For example, Pittsburgh design agency, Top Hat, does a beautiful job at being honest with its visitors. Sure, they are flippant about the usual tropes, the headline ‘insert “we are awesome” quote here says it all, but they talk up what matters to their business: client experience and getting results.

They tell you they only take on as much as their small team can handle and don’t burn the candle at both ends. The dollar is not their primary driver. The quality of work is.

This approach speaks volumes of the kind of people Top Hat are. Real.


There’s a host of ways to present your About page but the best ones out there always, always tell their story well. Using storytelling to foreground your business and speak directly to your customer’s needs is no easy thing to do. Who am I kidding? It’s pretty difficult.

How you use story in an About page can vary across the board, because creativity is a big part of telling one.

The only things that matter in About page storytelling are how your reader connects with your content and if they get something out of reading it.

A good About page is about your customer, their needs and what you can do to make their lives better. How you tell your story and intertwine your benefits to them is the hardest part of an About page. There’s no hard and fast guidelines to follow.

One example I’ve got uses storytelling in a brilliant long-form style. Invisible Creature make their story about becoming an independent design company, well, cool.

Brothers Don and Ryan Clark take you through their major influences on design (their grandfather, who worked for NASA), their passion for punk music and playing in metal bands in the Seattle scene. I didn’t mention their foray into album art covers, Grammy nominations and meeting former President Obama.

The brothers have had some amazing life experiences and the way they tell their story underpins how impressive they are, as well as their passion for design and illustration.

Everyone has a story to tell. It doesn’t have to be as lively as the brothers’ but, if you structure it right, people will want to find out more.

Your value or benefits to customers

We’ve touched on this point throughout the article but, when you’re a business, telling customers what benefits they get from buying your product or service on an About page will give them one more reason to take action.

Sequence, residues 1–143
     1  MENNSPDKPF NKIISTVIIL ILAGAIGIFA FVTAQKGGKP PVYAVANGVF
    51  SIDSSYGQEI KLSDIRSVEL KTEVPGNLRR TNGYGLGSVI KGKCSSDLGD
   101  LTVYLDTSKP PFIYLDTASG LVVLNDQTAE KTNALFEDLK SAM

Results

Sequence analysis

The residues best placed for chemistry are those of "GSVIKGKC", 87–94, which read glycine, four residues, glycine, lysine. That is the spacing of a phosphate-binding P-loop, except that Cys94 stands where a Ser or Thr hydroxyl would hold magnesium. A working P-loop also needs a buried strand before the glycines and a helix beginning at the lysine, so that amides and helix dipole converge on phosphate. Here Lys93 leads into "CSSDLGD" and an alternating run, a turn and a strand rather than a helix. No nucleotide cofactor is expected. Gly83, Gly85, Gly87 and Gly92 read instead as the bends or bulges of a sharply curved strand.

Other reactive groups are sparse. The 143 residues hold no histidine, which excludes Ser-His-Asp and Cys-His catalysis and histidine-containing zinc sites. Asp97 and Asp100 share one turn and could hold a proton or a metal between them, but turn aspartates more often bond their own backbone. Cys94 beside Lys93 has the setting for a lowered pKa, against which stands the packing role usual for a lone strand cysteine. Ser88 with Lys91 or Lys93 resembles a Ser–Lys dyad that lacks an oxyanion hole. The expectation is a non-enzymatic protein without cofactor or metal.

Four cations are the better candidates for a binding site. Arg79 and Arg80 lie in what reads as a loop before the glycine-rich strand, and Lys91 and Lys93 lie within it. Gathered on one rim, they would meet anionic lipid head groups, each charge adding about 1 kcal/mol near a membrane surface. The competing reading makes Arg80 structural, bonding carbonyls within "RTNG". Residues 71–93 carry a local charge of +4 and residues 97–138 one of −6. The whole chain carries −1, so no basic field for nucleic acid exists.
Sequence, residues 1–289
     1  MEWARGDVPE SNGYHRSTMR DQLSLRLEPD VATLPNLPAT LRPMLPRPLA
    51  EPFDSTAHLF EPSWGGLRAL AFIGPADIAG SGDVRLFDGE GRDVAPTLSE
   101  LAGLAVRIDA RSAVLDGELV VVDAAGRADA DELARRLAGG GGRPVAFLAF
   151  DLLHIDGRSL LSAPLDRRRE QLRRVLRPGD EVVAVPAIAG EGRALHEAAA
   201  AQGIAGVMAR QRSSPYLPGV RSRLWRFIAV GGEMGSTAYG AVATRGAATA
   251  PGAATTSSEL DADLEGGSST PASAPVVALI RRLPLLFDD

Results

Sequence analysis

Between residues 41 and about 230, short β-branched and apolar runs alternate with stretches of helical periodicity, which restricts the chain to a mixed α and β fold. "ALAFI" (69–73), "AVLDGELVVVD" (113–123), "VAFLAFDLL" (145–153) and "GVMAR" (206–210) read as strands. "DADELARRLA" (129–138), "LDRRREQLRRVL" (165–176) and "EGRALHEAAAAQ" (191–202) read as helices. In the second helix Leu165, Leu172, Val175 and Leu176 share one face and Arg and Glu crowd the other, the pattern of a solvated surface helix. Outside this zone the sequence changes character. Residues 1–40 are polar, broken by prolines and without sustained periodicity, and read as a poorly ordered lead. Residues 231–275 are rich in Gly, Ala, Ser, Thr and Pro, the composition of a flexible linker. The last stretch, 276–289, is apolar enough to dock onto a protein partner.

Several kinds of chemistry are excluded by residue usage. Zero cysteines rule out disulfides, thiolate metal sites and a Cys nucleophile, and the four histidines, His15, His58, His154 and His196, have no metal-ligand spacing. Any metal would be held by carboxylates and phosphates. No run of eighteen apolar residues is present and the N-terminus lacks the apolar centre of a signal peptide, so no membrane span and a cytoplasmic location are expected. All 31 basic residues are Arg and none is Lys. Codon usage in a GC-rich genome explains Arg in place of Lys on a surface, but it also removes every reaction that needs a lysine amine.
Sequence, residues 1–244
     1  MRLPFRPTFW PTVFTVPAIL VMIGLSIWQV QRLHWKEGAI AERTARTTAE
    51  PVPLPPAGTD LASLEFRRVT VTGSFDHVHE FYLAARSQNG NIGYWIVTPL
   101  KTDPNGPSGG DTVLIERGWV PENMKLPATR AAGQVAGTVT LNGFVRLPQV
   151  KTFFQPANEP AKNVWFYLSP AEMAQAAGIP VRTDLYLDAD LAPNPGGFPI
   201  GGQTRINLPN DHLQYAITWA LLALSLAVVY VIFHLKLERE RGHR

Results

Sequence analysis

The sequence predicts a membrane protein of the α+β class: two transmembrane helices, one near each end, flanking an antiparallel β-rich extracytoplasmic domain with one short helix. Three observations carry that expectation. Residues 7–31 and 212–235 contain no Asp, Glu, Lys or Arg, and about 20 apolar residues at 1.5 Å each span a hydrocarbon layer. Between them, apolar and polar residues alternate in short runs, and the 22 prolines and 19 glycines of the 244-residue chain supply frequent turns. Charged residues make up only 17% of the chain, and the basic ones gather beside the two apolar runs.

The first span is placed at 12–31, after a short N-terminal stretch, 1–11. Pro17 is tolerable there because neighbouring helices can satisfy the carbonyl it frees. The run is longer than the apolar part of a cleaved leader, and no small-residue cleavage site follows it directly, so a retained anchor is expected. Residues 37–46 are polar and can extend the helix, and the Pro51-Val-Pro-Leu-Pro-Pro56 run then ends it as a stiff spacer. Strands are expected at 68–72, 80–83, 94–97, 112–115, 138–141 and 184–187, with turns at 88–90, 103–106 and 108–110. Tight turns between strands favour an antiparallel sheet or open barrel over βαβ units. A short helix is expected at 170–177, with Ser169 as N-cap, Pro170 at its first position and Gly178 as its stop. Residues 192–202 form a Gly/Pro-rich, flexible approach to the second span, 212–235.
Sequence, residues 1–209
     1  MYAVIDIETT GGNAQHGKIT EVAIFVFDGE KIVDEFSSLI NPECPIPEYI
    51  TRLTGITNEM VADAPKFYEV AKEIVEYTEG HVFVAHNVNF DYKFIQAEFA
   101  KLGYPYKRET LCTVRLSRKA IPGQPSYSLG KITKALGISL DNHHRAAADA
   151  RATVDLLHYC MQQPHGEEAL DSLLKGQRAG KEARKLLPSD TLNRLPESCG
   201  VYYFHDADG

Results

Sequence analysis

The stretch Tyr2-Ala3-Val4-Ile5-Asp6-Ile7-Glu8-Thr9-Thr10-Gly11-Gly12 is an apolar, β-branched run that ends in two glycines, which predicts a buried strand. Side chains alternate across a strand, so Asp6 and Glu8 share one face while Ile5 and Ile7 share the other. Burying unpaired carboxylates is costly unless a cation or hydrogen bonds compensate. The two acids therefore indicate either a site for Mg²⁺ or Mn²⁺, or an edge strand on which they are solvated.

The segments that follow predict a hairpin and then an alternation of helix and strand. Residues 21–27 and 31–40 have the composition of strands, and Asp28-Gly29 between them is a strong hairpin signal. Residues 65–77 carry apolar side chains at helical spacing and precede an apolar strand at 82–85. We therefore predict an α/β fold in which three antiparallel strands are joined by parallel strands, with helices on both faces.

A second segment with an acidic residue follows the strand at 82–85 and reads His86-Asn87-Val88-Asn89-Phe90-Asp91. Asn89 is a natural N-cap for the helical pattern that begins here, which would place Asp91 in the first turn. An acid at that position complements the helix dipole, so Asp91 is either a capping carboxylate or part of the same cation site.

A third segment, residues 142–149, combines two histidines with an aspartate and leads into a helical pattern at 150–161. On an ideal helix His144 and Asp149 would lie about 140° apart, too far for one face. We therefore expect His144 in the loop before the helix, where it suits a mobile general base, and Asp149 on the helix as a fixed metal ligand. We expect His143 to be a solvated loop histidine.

Some About pages put this right up the front of the page, others scatter it inside their company background. All make the effort to communicate this value somewhere in their page content.

It doesn’t need to duplicate what your services or product pages say, but your About page should distil that message of value. Refine and repeat, in an interesting way.

Good copy moves readers from one sentence to another without disturbing the flow of the content. Be as succinct as possible. If your story must be pruned down then do it. Only put what’s needed to convey the value and your story, nothing more.

A good example of balancing telling a story and talking value is Darren Rowse’s Problogger About Page. It’s as long as it needs to be, touching key milestones from publishing his first blog to having it provide an income on its own. He moves on to why he created his website – to help other bloggers learn the skills of blogging – and tell his journey from being a part-time blogger to a full time blogging machine making good money.

The page finishes with a host of different actions readers can take after reading the content. Podcasts, social media links, books and subscription methods, almost too many ways of taking some value from the Problogger site. His story is clear and concise, wrapped around those ample benefits to taking blogging seriously.

Calls to action

If the About page helps readers make their decision, then don’t trip them up. Whatever your call to action is, make it easy to take up, be it a ‘Sign Me Up’ button at the end of the content or full contact details the reader can use or social media links.

What you shouldn’t do is leave the reader with nowhere to go. Something’s got to happen, so place a good call to action there.

Any call to action also needs reviewing and testing. You don’t set and forget it. Maybe a full form completion can work better than a ‘Book Now’ button on your page, but you won’t know unless you test them.

A simple example is Shape Design.

Shape Design’s page rolls through pithy copy, team member photos/social media links, clients and some testimonials. Right at the end, the phrase ‘Let’s make something great together’ and a ‘Start a Project’ button demonstrate conviction that readers coming down this far are ready to contact them. They’ve placed the pieces beautifully along the path and can ask users to take the next step.

So take these ingredients and cook up some About page content that isn’t the ordinary spiel of inward looking self-importance. This page puts your best foot forward on how your customers hear your story and gives them faith in what you can do for them.

Your About page is worth people’s time and attention. Just execute your approach right.

Simon Williams is a copywriter at Persuasion Copywriting helping small to medium sized businesses create content that attracts the customers they really want to work with. Simon is a story lover in all its forms – writing, film, music, sport and anything arty, and the power it has in bringing people together. Connect with Simon on Twitter or Facebook.